Manuel Pellegrini certainly won’t be able to complain that he hasn’t been backed this summer.
Making his debut for Santos at 17-years-old, Felipe Anderson earned a move to Serie A in 2013, and was a key part of the Lazio side that finished fifth in the league – narrowly missing out on Champions League football – and reached the last eight of the Europa League.
I’m aiming big. Who knows, maybe I could hit their heights and be a legend here too. I’m really happy to be here. It’s a dream come true – Felipe Anderson.
Joining Ryan Fredericks, Issa Diop, Lukasz Fabianski, Jack Wilshere and Andriy Yarmolenko as part of the east London summer revolution, Anderson arrives at the London Stadium for a club record £36 million, a fee that could rise to £41.5 million.
However, is that too much to pay for a player that only has seven senior minutes for Brazil?
The market rate
In defence of Anderson’s fee, the first thing to direct attention towards is the perpetually gradual inflation of transfer fees since Cristiano Ronaldo first moved to Real Madrid in 2009. £80 million nine years later, however, does not buy you the best of the best.
David Luiz, Alexandre Lacazette, Gylfi Sigurdsson. All players that moved for around £40 million in recent seasons. What this demonstrates, though, is that £40 million is the new £20 million, and it’s simply the going rate in today’s market for a player of a certain quality.
Moura or less
Compared against compatriot Lucas Moura – who signed for fellow Londoners Tottenham in January – there’s certainly scope to suggest that the Hammers overpaid for Anderson.
For instance, both Brazilians are 25-years-old and their goal records are similar, though Lucas’, if anything, is better. The former Paris Saint-Germain winger netted once every 4.5 games in Ligue 1, whilst Anderson scored every 5.48 games in Serie A. Their frequency of assisting, though, was more similar – once every 4.5 games for Lucas and once every 4.15 games.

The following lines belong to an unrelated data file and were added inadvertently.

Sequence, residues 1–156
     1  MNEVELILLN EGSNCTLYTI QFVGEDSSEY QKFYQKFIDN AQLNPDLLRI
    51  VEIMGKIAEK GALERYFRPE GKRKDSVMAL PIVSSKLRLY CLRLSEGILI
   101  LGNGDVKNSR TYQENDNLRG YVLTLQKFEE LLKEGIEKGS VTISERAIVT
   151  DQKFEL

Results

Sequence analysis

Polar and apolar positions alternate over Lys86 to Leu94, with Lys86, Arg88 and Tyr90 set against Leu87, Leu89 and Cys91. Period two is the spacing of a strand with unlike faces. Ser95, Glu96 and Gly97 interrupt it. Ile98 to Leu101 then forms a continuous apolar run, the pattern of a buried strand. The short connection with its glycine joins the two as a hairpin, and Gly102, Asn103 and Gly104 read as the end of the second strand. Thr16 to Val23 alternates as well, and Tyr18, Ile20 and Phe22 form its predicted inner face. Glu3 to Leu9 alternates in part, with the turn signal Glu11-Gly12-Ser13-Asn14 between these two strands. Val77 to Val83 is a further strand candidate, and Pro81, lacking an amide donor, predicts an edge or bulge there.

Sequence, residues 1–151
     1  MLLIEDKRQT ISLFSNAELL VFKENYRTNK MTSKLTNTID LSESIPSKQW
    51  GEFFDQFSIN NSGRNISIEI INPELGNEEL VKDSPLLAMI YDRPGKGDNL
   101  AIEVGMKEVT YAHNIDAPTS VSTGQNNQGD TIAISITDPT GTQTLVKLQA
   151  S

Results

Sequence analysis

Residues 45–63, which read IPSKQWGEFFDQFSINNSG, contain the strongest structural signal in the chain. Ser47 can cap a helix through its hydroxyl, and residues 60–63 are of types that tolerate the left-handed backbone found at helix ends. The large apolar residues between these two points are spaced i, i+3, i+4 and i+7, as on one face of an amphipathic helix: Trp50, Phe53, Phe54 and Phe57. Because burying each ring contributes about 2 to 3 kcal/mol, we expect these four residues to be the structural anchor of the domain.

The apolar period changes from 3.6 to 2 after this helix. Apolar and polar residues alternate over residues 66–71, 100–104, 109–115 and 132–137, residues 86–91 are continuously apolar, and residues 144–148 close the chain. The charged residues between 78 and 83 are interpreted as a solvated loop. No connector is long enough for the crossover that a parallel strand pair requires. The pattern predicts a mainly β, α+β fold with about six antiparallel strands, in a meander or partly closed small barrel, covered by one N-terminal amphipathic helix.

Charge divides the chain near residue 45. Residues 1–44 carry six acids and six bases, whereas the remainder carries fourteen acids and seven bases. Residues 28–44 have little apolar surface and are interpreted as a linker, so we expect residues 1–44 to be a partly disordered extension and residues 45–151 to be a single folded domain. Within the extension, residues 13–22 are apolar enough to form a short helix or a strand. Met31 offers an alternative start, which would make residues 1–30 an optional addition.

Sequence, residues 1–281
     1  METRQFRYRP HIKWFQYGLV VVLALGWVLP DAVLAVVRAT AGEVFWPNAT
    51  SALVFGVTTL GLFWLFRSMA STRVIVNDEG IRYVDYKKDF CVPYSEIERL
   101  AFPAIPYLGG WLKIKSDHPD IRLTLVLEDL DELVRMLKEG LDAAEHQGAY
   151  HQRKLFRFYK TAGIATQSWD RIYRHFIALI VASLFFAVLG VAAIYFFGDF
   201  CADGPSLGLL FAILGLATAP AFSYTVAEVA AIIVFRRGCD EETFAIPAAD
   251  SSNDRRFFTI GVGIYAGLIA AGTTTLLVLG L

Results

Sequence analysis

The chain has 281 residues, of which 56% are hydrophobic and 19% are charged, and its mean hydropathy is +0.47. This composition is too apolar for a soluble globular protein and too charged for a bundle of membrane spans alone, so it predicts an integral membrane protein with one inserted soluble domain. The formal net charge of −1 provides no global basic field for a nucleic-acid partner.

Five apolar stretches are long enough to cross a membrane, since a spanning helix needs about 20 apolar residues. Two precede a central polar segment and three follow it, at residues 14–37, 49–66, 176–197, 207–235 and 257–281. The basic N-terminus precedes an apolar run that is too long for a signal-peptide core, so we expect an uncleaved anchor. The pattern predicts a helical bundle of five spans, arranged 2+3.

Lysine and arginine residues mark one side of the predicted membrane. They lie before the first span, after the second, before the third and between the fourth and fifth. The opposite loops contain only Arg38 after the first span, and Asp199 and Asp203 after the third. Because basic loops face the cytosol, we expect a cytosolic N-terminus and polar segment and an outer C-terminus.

Both are primarily inside forwards, capable of both getting to the byline and firing a cross back across goal or cutting inside and bearing down on the ‘keeper, looking for either a shot on target or a through pass. And, moreover, their games are comparatively underpinned by speed.
The difference, however, is that Lucas has 35 Brazil caps compared to Anderson’s one, suggesting that he’s at least held in higher regard by his country.
Why, then, did Anderson cost nearly twice as much?
The necessity of overpaying
”What I can assure everybody,” West Ham owner David Gold began recklessly divulging to talkSPORT in May, “is that we’ll probably spend more money in this window than we’ve spent in any window in the past.”
How utterly foolish. In disclosing such sensitive information, Gold explicitly told clubs that the Hammers have money to spend. Hence, the high fee Lazio demanded for Anderson as the chairmen had effectively undermined their own negotiating power. West Ham became ripe for exploitation.
And whilst it’s a stated long-term aspiration, West Ham are not a Champions League club. They’re not even a Europa League club, so they arguably have to overpay for the players they feel will take them to that level, or those stepping down from European football, as Anderson has done in leaving Lazio.
But does it actually matter?
Ultimately, with the influx of money into the Premier League deriving from TV rights, West Ham have the financial capacity to spend this sort of money. Moreover, it’s perceived as a calculated risk in the sense that shirt sales and a higher finish in the league – perhaps coupled with European football – will pay off what it cost to sign Anderson in the first place.
Therefore, if overpaying is irrelevant in the wider context, then did they even overpay to begin with?
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